Pegunigalsidase alfa (PRX-102) is an investigational, plant cell culture-expressed, and chemically modified stabilized version of the recombinant α-Galactosidase-A enzyme. Protein sub-units are covalently bound via chemical cross-linking using short PEG moieties, resulting in a molecule with unique pharmacokinetic parameters. In clinical studies, PRX–102 has been observed to have a circulatory half-life of approximately 80 hours. PRX–102 has been designed to potentially address the continued unmet clinical need in Fabry patients.

About Chiesi Global Rare Diseases

Chiesi Global Rare Diseases is a business unit of the Chiesi Group established in February 2020 and focused on research and development of treatments for rare and ultra-rare disorders. The Global Rare Diseases unit works in collaboration with Chiesi Group to harness the full resources and capabilities of our global network to bring innovative new treatment options to people living with rare diseases, many of whom have limited or no treatments available. The unit is also a dedicated partner with global leaders in patient advocacy, research and patient care. For more information visit

About Chiesi Group

Based in Parma, Italy, Chiesi Farmaceutici is an international research-focused healthcare group with 85 years of experience in the pharmaceutical industry and a global presence in 29 countries. Chiesi researches, develops, and markets innovative drugs in the respiratory therapeutics, specialist medicine, and rare disease areas. Its R&D organization is headquartered in Parma (Italy), and is integrated with R&D groups in France, the USA, the UK, and Sweden to advance Chiesi's pre-clinical, clinical, and registration programs. Chiesi employs nearly 6,000 people.

Chiesi Group is a certified Benefit corporation. For more information, please visit

About Protalix BioTherapeutics, Inc.

Protalix is a biopharmaceutical company focused on the development and commercialization of recombinant therapeutic proteins expressed through its proprietary plant cell-based expression system, ProCellEx®. Protalix was the first company to gain FDA approval of a protein produced through plant cell-based in suspension expression system. Protalix's unique expression system represents a new method for developing recombinant proteins in an industrial-scale manner.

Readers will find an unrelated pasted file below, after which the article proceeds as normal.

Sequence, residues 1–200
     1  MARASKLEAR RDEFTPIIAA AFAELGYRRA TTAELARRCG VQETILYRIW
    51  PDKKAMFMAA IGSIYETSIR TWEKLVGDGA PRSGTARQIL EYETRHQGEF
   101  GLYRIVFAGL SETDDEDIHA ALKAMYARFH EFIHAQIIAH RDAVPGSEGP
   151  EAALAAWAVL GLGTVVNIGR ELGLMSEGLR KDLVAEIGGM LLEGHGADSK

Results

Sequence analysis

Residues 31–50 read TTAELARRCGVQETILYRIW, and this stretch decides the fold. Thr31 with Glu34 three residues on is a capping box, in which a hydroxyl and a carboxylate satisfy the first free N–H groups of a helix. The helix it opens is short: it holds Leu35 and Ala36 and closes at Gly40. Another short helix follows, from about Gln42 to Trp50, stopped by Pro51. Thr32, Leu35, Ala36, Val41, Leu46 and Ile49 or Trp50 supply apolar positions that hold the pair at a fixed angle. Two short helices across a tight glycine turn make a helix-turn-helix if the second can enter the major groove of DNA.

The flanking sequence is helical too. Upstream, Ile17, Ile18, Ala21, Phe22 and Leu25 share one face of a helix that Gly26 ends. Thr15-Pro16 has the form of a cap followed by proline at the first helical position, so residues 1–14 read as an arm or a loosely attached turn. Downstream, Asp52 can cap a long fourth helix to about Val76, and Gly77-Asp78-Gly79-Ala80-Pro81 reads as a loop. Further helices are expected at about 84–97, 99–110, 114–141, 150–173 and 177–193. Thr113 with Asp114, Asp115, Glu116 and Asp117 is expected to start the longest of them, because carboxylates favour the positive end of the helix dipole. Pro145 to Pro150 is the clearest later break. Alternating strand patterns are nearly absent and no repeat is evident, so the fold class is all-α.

Protalix's first product manufactured by ProCellEx, taliglucerase alfa, was approved for marketing by the U.S. Food and Drug Administration in May 2012 and, subsequently, by the regulatory authorities of other countries. Protalix has licensed to Pfizer Inc. the worldwide development and commercialization rights for taliglucerase alfa, excluding Brazil, where Protalix retains full rights.

Protalix's development pipeline consists of proprietary versions of recombinant therapeutic proteins that target established pharmaceutical markets, including the following product candidates: pegunigalsidase alfa, a modified version of the recombinant human α–Galactosidase–A protein for the proposed treatment of Fabry disease; OPRX–106, an orally- delivered anti-inflammatory treatment; alidornase alfa for the treatment of Cystic Fibrosis; and others. Protalix has partnered with Chiesi Global Rare Diseases, both in the United States and outside the United States, for the development and commercialization of pegunigalsidase alfa.

SOURCE: Protalix BioTherapeutics